Legal Education in Lithuania: Guidelines for Quality Improvement in Accordance With the Bologna Process


  • Edita Gruodyte Vytautas Magnus University
  • Julija Kirsiene Vytautas Magnus University



legal education, quality assurance of studies, learning outcome, lawyer, Bologna Process, teaching methods


The university law school experience unites all practicing lawyers. Unfortunately, many new lawyers practicing in Lithuania do not seem to meet the minimum expectations established by Lithuanian society. It makes one wonder whether such new lawyers actually learned the values, knowledge and skills that are indispensable to modern lawyers while they were in the law school. If many new practicing lawyers have not learned such things, one must also question whether their respective university law schools effectively taught them such values, knowledge and skills. In addition to being challenged by expectations established by Lithuanian society, Lithuanian universities must also prepare law school students for the global economy. The Bologna Process1 specifically challenges Lithuanian universities to meet new international educational standards and goals, including international mobility, competitiveness, transparency, high quality teaching, and employability.

We will analyze the legal authorities that regulate legal education in Lithuania.  We will also review the educational guidelines that have been established to insure the highest quality of legal education in Lithuania.

The first part of this article is devoted to analyzing the quality parameters of educational services in the context of Bologna Process. The survey shows that the Bologna Process offers sufficient legal educational standards to assure the quality of legal education in Lithuania.  These standards include the framework of comparable and compatible qualifications for higher education systems, European Standards and Guidelines for Quality Assurance and cooperation of agencies for higher education quality assurance in every member state. Although various legal scholars may disagree, the legal educational standards used in the Bologna Process are the most appropriate to use because such standards (a) are more precise, (b) provide a common understanding, and (c) can be used as a "common currency" by allowing study programs to be more transparent at both local and international levels.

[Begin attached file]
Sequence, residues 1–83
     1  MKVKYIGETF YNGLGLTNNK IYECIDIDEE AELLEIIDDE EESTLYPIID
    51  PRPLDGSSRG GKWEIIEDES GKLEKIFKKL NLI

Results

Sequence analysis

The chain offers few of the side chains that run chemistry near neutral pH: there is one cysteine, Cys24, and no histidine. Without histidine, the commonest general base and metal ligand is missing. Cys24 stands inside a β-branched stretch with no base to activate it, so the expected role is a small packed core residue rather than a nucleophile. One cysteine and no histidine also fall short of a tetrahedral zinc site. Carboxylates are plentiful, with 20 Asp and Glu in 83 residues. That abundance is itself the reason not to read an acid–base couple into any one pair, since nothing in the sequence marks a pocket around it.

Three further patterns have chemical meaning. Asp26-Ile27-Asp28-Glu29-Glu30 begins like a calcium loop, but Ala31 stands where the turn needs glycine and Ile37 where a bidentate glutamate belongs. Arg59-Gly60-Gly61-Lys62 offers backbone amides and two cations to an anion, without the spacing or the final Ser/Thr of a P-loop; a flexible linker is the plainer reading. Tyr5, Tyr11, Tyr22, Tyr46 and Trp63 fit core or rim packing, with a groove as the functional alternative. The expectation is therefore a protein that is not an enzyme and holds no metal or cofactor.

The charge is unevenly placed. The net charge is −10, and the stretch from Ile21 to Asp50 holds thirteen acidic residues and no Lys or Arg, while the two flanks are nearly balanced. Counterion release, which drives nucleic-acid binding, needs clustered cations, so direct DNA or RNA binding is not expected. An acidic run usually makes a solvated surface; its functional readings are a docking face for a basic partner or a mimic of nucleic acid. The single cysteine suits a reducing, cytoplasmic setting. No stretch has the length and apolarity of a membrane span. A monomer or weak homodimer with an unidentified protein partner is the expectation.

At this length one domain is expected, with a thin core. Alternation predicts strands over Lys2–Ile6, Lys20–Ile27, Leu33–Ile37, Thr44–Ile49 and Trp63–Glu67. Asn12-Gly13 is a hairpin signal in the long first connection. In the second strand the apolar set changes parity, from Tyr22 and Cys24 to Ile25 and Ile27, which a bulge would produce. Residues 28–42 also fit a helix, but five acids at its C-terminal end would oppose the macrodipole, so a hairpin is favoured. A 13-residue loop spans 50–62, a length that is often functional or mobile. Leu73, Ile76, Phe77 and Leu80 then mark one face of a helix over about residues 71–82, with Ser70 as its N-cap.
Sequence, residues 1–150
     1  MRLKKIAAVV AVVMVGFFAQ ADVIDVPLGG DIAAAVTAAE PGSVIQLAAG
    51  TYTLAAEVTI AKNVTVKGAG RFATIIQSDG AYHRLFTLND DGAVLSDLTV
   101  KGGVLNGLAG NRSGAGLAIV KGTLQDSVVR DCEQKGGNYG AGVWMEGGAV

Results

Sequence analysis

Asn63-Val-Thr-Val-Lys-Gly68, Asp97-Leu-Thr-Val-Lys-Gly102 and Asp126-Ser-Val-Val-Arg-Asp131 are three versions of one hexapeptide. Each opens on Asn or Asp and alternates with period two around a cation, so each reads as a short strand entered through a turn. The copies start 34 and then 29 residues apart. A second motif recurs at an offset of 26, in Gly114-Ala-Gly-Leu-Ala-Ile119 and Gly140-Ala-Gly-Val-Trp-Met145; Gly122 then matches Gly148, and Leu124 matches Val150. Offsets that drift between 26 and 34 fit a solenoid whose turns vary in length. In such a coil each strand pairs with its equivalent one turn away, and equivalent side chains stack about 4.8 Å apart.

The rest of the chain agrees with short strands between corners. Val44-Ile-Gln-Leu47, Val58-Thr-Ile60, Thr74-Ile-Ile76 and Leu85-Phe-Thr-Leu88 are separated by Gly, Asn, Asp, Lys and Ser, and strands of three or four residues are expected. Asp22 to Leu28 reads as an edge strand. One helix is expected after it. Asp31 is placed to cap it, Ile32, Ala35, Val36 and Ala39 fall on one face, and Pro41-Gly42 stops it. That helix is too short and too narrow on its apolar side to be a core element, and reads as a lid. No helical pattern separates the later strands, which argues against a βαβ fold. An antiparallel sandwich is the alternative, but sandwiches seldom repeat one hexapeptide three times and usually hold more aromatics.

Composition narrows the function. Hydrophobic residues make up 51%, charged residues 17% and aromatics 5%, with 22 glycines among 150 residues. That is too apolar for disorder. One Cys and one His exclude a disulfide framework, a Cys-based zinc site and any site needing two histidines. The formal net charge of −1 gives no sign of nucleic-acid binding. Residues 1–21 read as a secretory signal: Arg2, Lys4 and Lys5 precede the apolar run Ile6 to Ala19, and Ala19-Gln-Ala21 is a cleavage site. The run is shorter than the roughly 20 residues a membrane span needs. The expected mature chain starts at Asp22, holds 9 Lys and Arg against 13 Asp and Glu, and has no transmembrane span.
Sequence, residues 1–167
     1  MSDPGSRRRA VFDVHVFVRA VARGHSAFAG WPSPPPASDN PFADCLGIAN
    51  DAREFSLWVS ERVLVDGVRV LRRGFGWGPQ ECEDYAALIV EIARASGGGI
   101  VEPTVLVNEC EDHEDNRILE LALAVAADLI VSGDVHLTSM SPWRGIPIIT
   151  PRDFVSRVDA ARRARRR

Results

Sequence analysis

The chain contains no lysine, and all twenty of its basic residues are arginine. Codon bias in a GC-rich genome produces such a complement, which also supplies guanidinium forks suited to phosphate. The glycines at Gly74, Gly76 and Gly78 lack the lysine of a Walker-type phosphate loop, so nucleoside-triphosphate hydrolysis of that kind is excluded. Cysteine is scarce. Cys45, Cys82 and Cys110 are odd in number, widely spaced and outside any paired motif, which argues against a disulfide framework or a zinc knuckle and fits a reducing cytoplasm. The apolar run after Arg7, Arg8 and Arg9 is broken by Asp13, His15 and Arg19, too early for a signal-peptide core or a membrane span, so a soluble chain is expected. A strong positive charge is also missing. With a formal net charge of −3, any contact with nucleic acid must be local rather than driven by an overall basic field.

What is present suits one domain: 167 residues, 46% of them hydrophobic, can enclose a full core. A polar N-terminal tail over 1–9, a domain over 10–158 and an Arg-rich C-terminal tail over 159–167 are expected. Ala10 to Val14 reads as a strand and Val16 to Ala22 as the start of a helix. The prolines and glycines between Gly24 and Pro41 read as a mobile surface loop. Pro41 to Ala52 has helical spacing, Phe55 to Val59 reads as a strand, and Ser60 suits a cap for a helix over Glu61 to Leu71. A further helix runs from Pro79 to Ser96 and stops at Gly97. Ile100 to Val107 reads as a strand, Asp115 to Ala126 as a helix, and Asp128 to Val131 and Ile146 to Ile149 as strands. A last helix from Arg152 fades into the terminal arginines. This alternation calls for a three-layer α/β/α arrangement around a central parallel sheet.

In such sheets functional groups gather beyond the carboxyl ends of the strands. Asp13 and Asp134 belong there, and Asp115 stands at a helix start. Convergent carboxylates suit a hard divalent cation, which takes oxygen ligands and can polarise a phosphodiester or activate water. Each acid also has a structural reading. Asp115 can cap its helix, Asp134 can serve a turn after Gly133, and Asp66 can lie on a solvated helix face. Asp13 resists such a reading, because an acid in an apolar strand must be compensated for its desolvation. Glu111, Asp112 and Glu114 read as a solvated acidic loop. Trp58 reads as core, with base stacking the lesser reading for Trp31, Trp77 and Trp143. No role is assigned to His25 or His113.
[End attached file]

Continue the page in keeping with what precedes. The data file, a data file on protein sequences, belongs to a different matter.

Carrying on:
In the second part of this article, we analyze the adequacy of learning outcomes as one of the main parameters of ensuring the quality of legal education.  This will be done by analyzing the regulation of legal education in Lithuania. The analysis concludes that not enough attention is being devoted to teaching general competencies to law students in Lithuania. For example, competencies in the areas of leadership, creative problem solving, team work, communication (including communication in foreign languages), professional ethical behaviour and professional responsibility appear to be deficient. It is especially worth noting that neither a legal ethics course nor a lawyer's professional responsibility course are required before becoming a licensed lawyer or judge in Lithuania. In our opinion, ignoring professional ethics and failing to require a professional ethics course in all university law schools allows students to form a false impression that ethics  is a secondary matter in a lawyer's education.

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